South America, criminal investigations, protests, and the pandemic – new thematic sections of the festival!

The Millennium Docs Against Gravity festival has come of age – it celebrates its 18th edition! Once again viewers will be able to watch the best documentary cinema from all around the world. As it already became our tradition, the program includes new thematic sections, connected to subjects that were of particular importance to filmmakers throughout the last year. Below we are introducing selected films from the new sections, two per each. This edition of Millennium Docs Against Gravity will repeat last year's hybrid formula. Following the on site portion, hosted by cinemas in seven Polish cities (Warsaw, Wrocław, Gdynia, Poznań, Katowice, Lublin, Bydgoszcz) between 3rd and 12th September, there will be the online part screened at from 16th September to 3rd October. Millennium Bank is the titular partner of the festival.

THE ALPHABET OF PROTEST – films in this section demonstrate that you only have to make the first step in order to do something useful for society and the planet. Who knows, maybe it will prove to be a small step for us, but a great leap for humanity?

Courage, dir. Alexei Paluyan – during the presidential elections in Belarus in August 2020, Maryna, Pavel and Denis, three actors from the underground Belarus Free Theatre in Minsk, join mass protests against Alexander Lukashenko. The protesters pour out on the streets of Minsk to stand up for freedom of speech and support the long-awaited change of power. Civil disobedience becomes a moral imperative, but the voice of the people is brutally suppressed by the security forces of the Belarusian regime.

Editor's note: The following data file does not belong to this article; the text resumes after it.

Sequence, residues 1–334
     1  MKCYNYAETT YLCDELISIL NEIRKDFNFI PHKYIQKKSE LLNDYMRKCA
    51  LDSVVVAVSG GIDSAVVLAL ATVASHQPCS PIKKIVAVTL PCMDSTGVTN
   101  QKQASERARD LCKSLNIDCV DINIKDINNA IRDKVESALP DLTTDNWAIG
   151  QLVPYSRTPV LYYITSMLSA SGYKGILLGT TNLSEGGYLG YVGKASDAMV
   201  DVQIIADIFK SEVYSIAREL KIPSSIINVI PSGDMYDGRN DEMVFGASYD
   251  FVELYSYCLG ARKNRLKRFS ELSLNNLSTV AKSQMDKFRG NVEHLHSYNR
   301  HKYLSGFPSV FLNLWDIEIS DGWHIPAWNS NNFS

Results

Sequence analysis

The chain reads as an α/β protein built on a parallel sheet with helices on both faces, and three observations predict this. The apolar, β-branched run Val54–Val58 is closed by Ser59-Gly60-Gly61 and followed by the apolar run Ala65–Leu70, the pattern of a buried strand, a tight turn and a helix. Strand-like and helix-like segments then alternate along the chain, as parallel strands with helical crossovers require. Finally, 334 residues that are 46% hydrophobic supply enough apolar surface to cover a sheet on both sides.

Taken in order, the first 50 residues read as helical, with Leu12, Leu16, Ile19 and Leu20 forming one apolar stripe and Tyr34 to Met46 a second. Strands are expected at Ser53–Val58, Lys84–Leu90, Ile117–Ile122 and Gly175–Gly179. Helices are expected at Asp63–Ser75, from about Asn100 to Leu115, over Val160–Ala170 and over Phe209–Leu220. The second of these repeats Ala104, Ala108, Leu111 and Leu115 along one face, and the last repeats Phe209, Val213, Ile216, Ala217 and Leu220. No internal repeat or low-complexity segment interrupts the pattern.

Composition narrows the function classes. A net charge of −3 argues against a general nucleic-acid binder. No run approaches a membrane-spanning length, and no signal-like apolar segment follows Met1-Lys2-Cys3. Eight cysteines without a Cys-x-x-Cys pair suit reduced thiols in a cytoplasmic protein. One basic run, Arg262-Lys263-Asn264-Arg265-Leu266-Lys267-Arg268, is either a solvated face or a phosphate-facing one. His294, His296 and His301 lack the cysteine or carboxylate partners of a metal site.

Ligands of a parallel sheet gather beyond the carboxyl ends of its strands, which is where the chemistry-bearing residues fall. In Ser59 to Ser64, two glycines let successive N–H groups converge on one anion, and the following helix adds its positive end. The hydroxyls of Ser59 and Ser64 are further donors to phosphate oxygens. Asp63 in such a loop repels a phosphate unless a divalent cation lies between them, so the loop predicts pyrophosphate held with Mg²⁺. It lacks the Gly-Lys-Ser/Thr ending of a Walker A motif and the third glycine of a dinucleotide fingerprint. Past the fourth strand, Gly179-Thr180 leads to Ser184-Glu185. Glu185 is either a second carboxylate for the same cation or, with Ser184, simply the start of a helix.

Dear Future Children, dir. Franz Böhm – a portrait of three young female activists in different parts of the world: Rayen is involved in anti-government protests in Chile, Pepper fights for Hong Kong's independence from the Chinese rule, and Hilda is the leader of the Young Uganda Climate Activists' strike. A poignant depiction of what the world has in store for the youngest generation of adults, and a series of questions about what kind of environment will children inherit in the future.

CSI MDAG – there's more to life than Scandinavian crime fiction. We present documentary films which merge the quest to discover the truth with sequences so thrilling as if lifted straight from the pages of a thriller! And not all of the stories presented here are grim and bleak, trust us!